Week two: the two Singularities
In the first third of his new book, Yuval Harari described how humanity escaped its perennial evils of famine, plague and war, and he claimed that we are now striving for immortality, happiness and divinity. Now he enters the territory of the economic and the technological singularities. Read on…
Free will is an illusion
Harari begins this section by attacking our strong intuitive belief that we are all unitary, self-directing persons, possessing free will. “To the best of our scientific understanding, determinism and randomness have divided the entire cake between them, leaving not even a crumb for ‘freedom’. … The notion that you have a single self … is just another liberal myth, debunked by the latest scientific research.” This dismissal of personal identity (the “narrating self”) as a convenient fiction will play an important role in the final third of the book, which we will get to next week.
A curious characteristic of “Homo Deus” is that Harari assumes there is no need to persuade his readers of the enormous impact that new technologies will have in the coming decades. Futurists like Ray Kurzweil, Nick Bostrom, Martin Ford and others (including me) spend considerable effort getting people to comprehend and take into account the astonishing power of exponential growth. Harari assumes everyone is already on board, which is surprising in such a mainstream book. I hope he is right, but I doubt it.
Stop worrying and learn to love the autonomous kill-bot
Harari is also quite happy to swim against the consensus when exploring the impact of these technologies. A lot of ink is currently being spilled in an attempt to halt the progress of autonomous weapons. Harari considers it a waste: “Suppose two drones fight each other in the air. One drone cannot fire a shot without first receiving the go-ahead from a human operator in some bunker. The other drone is fully autonomous. Which do you think will prevail? … Even if you care more about justice than victory, you should probably opt to replace your soldiers and pilots with autonomous robots and drones. Human soldiers murder, rape and pillage, and even when they try to behave themselves, they all too often kill civilians by mistake.”
The economic singularity and superfluous people
As well as dismissing attempts to forestall AI-enabled weaponry, Harari has no truck with the Reverse Luddite Fallacy, the idea that because automation has not caused lasting unemployment in the past it will not do so in the future. “Robots and computers … may soon outperform humans in most tasks. … Some economists predict that sooner or later, un-enhanced humans will be completely useless. … The most important question in twenty-first-century economics may well be what to do with all the superfluous people.”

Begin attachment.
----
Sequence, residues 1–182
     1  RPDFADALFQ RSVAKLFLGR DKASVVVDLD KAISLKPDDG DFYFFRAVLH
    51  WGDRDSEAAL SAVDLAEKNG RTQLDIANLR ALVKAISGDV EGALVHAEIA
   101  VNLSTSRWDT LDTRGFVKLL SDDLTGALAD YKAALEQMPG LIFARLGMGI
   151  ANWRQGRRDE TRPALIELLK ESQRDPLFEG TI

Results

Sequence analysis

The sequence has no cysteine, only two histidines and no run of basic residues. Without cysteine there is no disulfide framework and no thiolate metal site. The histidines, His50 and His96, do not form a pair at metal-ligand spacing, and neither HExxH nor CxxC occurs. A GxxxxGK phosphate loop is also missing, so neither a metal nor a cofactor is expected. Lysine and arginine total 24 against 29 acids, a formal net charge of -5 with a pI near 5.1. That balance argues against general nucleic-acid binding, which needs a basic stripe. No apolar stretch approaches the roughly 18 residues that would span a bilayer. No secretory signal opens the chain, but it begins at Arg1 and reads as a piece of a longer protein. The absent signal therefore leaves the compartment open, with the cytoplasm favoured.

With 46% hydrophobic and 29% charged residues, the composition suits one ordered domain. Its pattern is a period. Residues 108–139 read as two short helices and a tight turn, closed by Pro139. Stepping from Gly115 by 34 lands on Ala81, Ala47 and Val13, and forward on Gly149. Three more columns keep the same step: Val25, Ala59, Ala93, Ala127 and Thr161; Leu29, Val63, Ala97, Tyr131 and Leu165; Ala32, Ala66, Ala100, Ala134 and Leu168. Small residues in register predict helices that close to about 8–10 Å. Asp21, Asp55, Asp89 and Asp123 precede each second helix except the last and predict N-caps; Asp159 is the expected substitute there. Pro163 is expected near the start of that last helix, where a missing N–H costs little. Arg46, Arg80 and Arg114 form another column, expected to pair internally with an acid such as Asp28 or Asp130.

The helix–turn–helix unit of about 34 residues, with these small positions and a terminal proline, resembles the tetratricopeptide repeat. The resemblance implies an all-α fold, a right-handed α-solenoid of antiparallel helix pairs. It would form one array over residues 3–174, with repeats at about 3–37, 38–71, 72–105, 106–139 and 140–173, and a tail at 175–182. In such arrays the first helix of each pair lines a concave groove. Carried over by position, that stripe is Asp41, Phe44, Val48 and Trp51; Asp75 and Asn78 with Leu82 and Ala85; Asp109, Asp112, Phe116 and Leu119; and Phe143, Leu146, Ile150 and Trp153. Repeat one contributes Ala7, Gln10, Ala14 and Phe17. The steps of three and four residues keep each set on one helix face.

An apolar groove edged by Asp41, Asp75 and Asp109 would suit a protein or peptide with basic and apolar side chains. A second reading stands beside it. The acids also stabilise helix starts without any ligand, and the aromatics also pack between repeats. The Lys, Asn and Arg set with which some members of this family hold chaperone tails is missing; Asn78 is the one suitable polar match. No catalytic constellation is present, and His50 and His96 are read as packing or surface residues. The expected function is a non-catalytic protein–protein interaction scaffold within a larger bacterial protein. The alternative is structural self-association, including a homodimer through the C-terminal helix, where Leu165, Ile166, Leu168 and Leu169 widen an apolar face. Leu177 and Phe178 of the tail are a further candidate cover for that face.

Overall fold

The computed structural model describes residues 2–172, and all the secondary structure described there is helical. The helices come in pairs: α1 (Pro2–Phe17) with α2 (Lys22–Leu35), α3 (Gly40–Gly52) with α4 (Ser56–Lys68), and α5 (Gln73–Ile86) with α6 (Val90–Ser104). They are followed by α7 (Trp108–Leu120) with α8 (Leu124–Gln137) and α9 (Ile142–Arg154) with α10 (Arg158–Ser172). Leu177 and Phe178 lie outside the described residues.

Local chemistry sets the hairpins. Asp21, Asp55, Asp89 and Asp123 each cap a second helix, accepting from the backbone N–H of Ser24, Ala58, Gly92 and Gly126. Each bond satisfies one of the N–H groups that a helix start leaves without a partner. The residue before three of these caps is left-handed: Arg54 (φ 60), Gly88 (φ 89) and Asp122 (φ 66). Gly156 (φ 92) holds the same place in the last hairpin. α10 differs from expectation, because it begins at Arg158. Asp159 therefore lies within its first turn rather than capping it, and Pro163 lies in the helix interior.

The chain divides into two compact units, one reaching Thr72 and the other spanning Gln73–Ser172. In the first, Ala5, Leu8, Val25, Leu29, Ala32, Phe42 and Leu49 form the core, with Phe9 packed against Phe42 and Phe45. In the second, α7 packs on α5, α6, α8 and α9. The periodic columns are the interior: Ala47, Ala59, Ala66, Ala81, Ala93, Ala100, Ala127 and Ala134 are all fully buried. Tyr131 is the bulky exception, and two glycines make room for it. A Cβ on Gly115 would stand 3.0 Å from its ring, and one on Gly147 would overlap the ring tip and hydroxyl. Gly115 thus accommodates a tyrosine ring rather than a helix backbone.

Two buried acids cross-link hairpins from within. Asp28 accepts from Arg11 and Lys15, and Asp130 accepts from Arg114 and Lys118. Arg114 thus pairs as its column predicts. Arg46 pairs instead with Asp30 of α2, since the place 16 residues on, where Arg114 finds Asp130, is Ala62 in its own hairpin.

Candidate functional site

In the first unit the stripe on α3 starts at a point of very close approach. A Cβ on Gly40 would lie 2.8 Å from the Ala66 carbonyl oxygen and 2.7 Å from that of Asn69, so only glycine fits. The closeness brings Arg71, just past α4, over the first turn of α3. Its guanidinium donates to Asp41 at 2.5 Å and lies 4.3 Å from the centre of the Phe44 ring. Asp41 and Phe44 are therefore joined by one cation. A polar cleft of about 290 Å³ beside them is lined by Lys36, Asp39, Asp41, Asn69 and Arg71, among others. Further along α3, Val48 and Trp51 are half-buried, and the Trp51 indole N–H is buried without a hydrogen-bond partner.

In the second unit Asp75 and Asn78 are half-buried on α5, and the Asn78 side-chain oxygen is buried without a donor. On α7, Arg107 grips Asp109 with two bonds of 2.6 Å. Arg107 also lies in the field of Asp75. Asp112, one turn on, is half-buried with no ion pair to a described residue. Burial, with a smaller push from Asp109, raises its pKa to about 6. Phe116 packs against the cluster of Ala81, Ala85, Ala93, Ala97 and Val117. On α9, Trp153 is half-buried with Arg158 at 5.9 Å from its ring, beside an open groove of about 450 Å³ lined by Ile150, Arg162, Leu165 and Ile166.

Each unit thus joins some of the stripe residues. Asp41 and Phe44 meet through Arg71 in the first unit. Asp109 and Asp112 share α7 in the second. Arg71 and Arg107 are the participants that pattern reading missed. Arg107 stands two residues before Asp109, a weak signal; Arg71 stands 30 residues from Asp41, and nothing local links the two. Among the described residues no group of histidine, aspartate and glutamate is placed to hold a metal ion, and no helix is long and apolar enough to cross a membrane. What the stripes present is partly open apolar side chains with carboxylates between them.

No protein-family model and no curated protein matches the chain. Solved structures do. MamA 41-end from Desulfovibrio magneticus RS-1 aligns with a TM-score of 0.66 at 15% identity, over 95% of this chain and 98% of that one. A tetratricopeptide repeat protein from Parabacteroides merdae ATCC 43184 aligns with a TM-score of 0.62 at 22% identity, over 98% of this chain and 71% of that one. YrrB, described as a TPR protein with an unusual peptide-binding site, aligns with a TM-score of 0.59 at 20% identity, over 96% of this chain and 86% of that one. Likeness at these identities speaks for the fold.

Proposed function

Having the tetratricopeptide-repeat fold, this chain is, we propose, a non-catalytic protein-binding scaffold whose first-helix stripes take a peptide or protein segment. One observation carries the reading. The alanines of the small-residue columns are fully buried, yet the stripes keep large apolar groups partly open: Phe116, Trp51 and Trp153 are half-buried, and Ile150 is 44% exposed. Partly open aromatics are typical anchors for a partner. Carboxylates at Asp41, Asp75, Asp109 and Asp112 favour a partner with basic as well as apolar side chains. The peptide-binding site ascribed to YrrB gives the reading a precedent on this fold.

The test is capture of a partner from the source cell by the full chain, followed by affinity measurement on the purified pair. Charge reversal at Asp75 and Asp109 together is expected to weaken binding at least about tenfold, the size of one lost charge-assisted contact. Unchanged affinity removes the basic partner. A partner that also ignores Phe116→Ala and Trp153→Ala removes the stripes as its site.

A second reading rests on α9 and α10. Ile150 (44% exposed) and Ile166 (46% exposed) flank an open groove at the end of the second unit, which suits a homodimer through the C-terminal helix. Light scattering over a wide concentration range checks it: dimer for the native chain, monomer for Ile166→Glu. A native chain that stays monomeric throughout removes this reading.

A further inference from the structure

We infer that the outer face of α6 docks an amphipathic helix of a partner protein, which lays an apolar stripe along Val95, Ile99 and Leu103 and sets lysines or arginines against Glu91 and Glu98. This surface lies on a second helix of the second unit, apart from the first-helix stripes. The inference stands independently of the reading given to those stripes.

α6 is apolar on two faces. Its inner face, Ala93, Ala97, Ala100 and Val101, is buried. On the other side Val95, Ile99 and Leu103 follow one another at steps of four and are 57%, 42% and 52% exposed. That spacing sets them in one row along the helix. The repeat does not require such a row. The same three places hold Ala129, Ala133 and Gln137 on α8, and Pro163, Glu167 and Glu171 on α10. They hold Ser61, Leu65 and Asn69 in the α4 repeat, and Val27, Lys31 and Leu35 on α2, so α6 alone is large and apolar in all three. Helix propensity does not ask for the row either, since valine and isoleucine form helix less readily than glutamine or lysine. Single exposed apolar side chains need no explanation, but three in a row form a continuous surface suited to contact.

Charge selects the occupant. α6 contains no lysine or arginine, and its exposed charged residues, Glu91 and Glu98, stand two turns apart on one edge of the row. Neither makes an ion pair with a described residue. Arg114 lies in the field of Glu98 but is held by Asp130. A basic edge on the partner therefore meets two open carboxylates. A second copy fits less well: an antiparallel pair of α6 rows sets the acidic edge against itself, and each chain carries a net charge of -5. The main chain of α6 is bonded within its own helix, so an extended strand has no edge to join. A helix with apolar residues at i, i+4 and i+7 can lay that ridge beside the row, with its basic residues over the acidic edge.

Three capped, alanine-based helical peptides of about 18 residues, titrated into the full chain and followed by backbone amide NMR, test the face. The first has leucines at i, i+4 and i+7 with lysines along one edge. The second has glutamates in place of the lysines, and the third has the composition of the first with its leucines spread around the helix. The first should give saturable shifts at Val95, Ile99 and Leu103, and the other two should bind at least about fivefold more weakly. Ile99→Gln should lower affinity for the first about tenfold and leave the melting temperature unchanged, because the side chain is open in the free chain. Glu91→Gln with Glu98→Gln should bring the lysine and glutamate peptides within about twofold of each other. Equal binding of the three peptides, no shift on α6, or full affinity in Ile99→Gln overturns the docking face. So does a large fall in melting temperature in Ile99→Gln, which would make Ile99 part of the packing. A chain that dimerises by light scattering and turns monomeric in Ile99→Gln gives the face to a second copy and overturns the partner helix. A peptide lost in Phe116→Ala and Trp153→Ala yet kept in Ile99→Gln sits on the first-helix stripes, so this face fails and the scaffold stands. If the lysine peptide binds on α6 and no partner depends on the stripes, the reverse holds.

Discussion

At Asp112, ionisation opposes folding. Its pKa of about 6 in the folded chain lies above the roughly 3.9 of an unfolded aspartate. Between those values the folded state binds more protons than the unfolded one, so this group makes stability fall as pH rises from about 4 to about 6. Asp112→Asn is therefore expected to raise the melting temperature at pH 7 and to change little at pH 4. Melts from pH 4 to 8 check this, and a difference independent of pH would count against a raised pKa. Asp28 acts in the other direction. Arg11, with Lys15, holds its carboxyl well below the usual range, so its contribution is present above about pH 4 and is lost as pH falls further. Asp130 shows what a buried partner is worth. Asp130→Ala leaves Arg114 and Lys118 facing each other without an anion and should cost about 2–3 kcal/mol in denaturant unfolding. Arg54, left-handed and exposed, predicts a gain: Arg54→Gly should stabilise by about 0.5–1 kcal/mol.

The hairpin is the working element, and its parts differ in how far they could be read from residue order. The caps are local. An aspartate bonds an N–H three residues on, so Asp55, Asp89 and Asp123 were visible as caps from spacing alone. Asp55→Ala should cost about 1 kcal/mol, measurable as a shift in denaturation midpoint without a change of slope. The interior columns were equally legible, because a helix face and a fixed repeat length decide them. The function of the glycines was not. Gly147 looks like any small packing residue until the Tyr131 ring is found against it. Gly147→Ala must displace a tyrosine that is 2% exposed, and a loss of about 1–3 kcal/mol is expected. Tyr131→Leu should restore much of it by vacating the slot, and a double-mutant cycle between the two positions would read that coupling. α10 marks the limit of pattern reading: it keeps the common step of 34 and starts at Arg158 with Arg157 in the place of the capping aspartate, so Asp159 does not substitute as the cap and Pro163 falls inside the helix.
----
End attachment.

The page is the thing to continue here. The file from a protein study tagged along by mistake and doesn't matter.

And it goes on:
My income is OK, but what am I for?
Harari has interesting things to say about some of the dangers of technological unemployment. He is sanguine about the ability of the post-jobs world to provide adequate incomes to the “superfluous people”, but like many other writers, he asks where we will find meaning in a post-jobs world. “The technological bonanza will probably make it feasible to feed and support the useless masses even without any effort on their side. But what will keep them occupied and content? People must do something, or they will go crazy. What will they do all day? One solution might be offered by drugs and computer games. … Yet such a development would deal a mortal blow to the liberal belief in the sacredness of human life and of human experiences.”
Personally, I think he has got this the wrong way round. Introducing Universal Basic Income (or some similar scheme to provide a good standard of living to the unemployable) will probably prove to be a significant challenge. Persuading the super-rich (whether they be humans or algorithms) to provide the rest of us with a comfortable income will, I hope, be possible, but it may have to be done globally and within a very short time-frame. If we do manage this transition smoothly, I suspect the great majority of people will quickly find worthwhile and enjoyable things to do with their new-found leisure. Rather like many pensioners do today, and aristocrats have done for centuries.
The Gods and the Useless
I have more common ground with Harari when he argues that inequality of wealth and income may become so severe that it leads to “speciation” – the division of the species into completely separate groups, whose vital interests may start to diverge. “As algorithms push humans out of the job market, wealth might become concentrated in the hands of the tiny elite that owns the all-powerful algorithms, creating unprecedented social inequality.”
Pursuing this idea, he coins the rather brutal phrase “the Gods and the Useless”. He points out that in the past, the products of technological advances have disseminated rapidly through economies and societies, but he thinks this may change. In the vital area of medical science, for instance, we are moving from an era when the goal was to bring as many people as possible up to a common standard of “normal health”, to a world in which the cognitive and physical performance of certain individuals may be raised to new and extraordinary heights. This could have dangerous consequences: when tribes of humans with different levels of capability have collided it has rarely gone well for the less powerful group.
The technological singularity
The technological singularity pops up briefly, and again Harari sees no need to expend much effort persuading his mainstream audience that this startling idea is plausible. “Some experts and thinkers, such as Nick Bostrom, warn that humankind is unlikely to suffer this degradation, because once artificial intelligence surpasses human intelligence, it might simply exterminate humankind.”